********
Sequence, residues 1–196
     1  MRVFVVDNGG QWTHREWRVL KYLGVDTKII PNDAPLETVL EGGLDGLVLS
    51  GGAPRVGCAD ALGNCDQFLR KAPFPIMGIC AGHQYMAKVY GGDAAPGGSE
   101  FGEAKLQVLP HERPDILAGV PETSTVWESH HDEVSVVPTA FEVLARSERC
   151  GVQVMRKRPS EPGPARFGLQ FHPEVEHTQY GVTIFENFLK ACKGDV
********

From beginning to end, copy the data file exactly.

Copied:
Sequence, residues 1–196
     1  MRVFVVDNGG QWTHREWRVL KYLGVDTKII PNDAPLETVL EGGLDGLVLS
    51  GGAPRVGCAD ALGNCDQFLR KAPFPIMGIC AGHQYMAKVY GGDAAPGGSE
   101  FGEAKLQVLP HERPDILAGV PETSTVWESH HDEVSVVPTA FEVLARSERC
   151  GVQVMRKRPS EPGPARFGLQ FHPEVEHTQY GVTIFENFLK ACKGDV